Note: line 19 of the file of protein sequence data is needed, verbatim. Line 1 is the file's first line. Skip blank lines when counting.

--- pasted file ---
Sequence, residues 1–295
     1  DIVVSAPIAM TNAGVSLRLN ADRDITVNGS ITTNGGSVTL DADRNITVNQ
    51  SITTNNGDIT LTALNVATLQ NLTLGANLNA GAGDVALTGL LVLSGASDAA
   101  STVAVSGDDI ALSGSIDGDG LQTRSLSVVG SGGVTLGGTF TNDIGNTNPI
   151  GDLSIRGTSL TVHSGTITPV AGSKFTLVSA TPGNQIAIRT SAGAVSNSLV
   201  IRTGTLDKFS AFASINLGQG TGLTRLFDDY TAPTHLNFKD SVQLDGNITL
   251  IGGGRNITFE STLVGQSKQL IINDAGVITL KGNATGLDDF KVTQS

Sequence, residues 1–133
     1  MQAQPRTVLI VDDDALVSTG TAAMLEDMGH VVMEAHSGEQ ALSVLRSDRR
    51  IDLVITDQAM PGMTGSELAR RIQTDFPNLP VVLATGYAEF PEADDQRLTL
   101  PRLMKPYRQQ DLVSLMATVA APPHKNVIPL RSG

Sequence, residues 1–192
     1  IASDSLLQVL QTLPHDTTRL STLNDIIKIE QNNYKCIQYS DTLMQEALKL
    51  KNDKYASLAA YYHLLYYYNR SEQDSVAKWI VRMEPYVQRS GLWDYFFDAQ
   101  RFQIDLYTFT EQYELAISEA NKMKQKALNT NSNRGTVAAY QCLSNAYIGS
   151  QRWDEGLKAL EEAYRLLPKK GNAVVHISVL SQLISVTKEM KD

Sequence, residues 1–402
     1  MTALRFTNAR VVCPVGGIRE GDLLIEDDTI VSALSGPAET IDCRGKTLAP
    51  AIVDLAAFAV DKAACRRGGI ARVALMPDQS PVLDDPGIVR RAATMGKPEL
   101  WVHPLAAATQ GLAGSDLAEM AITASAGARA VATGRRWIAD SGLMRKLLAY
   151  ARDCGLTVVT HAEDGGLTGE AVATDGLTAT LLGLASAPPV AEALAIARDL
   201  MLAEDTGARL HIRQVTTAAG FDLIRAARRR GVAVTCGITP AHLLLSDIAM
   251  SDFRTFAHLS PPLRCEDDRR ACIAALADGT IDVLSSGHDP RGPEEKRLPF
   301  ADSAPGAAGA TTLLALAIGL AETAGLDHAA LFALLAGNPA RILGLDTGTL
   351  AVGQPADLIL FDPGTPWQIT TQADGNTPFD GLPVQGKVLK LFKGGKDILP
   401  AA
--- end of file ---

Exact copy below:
    51  AIVDLAAFAV DKAACRRGGI ARVALMPDQS PVLDDPGIVR RAATMGKPEL